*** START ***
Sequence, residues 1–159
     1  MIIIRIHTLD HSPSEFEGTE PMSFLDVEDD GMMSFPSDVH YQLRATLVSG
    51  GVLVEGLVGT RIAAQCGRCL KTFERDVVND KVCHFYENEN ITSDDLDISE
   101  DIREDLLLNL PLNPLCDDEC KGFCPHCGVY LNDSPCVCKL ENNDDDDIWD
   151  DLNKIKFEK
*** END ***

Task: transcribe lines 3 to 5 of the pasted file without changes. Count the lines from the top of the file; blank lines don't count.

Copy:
    51  GVLVEGLVGT RIAAQCGRCL KTFERDVVND KVCHFYENEN ITSDDLDISE
   101  DIREDLLLNL PLNPLCDDEC KGFCPHCGVY LNDSPCVCKL ENNDDDDIWD
   151  DLNKIKFEK